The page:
Leading practitioner of Alternative Medicine Linda L. Isaacs, M.D.

One way of looking at all of this is that a primary alternative therapy for cancer -- for example, a regimen involving a special diet, nutritional supplements, and detoxification, like the one practiced by Linda L. Isaacs, M.D. in New York City -- might treat the patient without using any of the standard conventional therapies for cancer like surgery, radiation, or chemotherapy. In contrast, a complementary/integrative approach provides a gentle “alternative light” modality like herbs or massage to help the patient avoid unpleasant side effects and feel more comfortable while she undergoes surgery, radiation, or chemotherapy. The integrative approach, while not without value, does not challenge the primacy of the conventional medical model.

Alternative medicine: Once again squarely in the cross-hairs

It needs to be kept in mind that alternative medicine -- whatever name it is going by -- has thrived in the context of the mixed climate of the for-profit private sector and government-endorsed, -supported, and -influenced medical care that has been in effect in the United States since the end of World War II. Over time, starting in the 1960s, the public at the grassroots level began to explore and then demand access to medical alternatives, and the private sector -- with minor and grudging government support -- responded. The underlying philosophy of freedom including the somewhat laissez-faire free market environment in this country made the ascent of alternative medical approaches possible.

But that is now changing. The first blow came in 2009 with the passage of Obamacare, which fully went into effect in 2013. Otherwise absurdly known as the Affordable Care Act, Obamacare added thousands of pages of new regulations to the practice of medicine, increased government spending on (and control of) medical care, discouraged smaller primary medical practices while encouraging consolidation and centralization, hired thousands of new IRS employees or agents to enforce Obamacare’s mandates on individual citizens, and required the implementation of onerous and Orwellian electronic medical records (EMRs) and something called evidence based medicine at every level of medical practice. Today, the hands of the individual physician are being tied tighter than ever as the government increasingly is coming between the physician and his patient.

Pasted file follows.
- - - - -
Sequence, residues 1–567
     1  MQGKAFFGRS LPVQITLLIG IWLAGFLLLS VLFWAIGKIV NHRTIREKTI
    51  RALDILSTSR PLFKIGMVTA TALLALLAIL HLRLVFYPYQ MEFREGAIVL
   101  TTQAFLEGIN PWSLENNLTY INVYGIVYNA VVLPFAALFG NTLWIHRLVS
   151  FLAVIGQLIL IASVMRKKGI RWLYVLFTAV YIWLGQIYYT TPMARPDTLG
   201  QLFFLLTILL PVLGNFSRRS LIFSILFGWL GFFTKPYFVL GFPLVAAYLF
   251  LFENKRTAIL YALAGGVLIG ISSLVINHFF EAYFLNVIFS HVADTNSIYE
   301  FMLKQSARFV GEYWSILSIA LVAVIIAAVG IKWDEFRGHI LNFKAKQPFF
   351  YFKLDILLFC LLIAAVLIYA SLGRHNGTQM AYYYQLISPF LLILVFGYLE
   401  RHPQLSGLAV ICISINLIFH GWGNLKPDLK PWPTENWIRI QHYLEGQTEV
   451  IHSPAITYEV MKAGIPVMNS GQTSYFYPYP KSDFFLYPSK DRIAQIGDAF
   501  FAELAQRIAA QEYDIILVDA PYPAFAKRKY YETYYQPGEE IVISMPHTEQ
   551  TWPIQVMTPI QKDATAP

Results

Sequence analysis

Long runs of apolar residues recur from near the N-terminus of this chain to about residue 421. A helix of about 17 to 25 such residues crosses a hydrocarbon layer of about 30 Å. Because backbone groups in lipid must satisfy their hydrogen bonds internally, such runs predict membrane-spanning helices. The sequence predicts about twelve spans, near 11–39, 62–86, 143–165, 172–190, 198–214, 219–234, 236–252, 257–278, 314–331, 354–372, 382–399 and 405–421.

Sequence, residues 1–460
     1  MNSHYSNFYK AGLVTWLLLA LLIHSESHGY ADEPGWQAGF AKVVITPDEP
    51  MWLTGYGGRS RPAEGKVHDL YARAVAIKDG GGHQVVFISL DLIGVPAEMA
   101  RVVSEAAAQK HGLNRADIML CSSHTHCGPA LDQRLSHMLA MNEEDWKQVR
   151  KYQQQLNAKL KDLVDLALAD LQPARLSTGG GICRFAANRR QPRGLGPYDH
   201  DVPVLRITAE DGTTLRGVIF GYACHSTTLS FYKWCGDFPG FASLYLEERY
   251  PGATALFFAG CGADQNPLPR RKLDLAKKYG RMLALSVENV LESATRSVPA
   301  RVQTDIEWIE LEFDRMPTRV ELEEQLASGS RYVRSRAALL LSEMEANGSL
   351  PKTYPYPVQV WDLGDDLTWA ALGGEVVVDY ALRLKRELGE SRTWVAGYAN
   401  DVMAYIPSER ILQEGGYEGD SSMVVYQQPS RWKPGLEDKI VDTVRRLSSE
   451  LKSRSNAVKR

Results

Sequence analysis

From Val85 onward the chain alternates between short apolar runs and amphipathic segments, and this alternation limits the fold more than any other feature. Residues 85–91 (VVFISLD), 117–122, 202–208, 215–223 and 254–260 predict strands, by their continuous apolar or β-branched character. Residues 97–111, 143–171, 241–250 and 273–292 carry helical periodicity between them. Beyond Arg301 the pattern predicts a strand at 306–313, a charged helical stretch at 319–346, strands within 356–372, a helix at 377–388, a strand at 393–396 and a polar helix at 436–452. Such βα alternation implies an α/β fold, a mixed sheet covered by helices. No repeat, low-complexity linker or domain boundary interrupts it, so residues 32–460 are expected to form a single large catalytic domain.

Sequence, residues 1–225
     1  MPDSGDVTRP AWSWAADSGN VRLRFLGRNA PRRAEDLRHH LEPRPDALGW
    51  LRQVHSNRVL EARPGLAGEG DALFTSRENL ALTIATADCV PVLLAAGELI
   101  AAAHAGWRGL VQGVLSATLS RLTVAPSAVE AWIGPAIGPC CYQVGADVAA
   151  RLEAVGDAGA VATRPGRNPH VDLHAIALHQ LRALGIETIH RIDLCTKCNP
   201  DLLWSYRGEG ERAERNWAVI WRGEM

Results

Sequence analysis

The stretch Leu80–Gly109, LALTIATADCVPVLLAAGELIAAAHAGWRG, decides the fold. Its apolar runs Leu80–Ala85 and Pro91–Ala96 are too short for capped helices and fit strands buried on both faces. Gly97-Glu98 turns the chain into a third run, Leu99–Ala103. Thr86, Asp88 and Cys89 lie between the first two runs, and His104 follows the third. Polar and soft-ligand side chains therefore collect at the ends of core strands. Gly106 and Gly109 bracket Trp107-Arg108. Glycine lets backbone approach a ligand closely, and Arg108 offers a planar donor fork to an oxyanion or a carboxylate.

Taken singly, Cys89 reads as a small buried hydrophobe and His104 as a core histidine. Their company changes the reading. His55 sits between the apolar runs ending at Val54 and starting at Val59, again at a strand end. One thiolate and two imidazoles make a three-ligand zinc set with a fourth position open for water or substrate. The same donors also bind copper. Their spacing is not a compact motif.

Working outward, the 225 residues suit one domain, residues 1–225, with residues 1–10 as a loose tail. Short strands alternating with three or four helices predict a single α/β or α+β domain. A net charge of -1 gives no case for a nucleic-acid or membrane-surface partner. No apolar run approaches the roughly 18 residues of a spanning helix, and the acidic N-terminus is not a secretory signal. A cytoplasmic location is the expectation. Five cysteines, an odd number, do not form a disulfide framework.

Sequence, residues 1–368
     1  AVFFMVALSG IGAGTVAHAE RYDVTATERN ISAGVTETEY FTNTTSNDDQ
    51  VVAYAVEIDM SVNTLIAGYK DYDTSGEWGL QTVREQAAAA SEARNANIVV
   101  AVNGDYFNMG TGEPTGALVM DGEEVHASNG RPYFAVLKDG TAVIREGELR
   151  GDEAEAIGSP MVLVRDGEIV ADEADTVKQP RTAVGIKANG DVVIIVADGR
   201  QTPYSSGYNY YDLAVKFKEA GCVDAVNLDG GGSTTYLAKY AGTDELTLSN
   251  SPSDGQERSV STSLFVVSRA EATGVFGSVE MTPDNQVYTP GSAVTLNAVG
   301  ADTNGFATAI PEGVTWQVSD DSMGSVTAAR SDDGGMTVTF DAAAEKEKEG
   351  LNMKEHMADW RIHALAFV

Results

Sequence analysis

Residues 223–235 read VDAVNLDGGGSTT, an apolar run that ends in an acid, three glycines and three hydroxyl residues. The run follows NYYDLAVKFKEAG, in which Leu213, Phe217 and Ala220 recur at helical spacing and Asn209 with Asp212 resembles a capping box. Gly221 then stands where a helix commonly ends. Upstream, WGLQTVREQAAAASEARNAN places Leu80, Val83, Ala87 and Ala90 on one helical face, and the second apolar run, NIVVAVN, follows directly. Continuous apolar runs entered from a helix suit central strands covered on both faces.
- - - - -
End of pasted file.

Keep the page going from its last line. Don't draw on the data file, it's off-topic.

Many if not most alternative therapies -- especially the ones that are still employed as primary treatments -- are not approved by the government, state medical licensing boards, Medicare and Medicaid bureaucrats, etc. Even under the heel of Obamacare, however, these interlocked players were unable to exert total control over the practice of medicine at the grassroots level, where true medical innovation and alternatives are thriving. But under the looming single payer socialized medicine scheme, this is all about to change.

Charlie Gard

Connie Yates and Chris Gard with their son Charlie

Addenda: As this article is being written, an emotionally wrenching medical case is playing out in the UK that has direct relevance to some of the issues being discussed here. Charlie Gard is an 11-month old baby who has mitochondrial depletion syndrome, a “rare genetic disorder that causes brain damage and prevents muscles from developing.” He is hospitalized in London in what National Health Service (NHS) physicians say is a terminal and hopeless condition. His case has gained worldwide attention with the Pope and President Donald Trump weighing in.

Charlie’s parents have been fighting the British medical and legal Establishments in an effort to regain custody of their son so he can be taken to the United States or another country where innovative treatments exist that, they say, might offer the possibility of Charlie’s survival and clinical improvement. The London hospital took the case to a court, which agreed with the government doctors and NHS bureaucrats that Charlie needs to have his life support removed so that he can die in hospital, the parents’ wishes be damned.

It remains to be seen if a new effort by the parents to appeal the court’s decision will prevail. In the meantime, the case illustrates several points. In a socialized, single-payer medical system like the one that has been in place in the UK since the NHS was mandated in 1948, the patient -- or in this case, his parents -- is not in control; the medical bureaucrats under the color of law have the final say over one’s life and death.


It is also noteworthy that innovative options that might help a patient like Charlie are emanating not from Britain -- where socialism and the NHS have hindered medical innovation and impaired successful treatment outcomes -- but from the United States, where the practice of medicine has yet to fall under the complete and suffocating yoke of socialism.


To be continued.


Peter Barry Chowka has reported on health care, with an emphasis on alternative medicine, since 1972. Between 1992-’94 he was an advisor to the National Institutes of Health. His new Web site is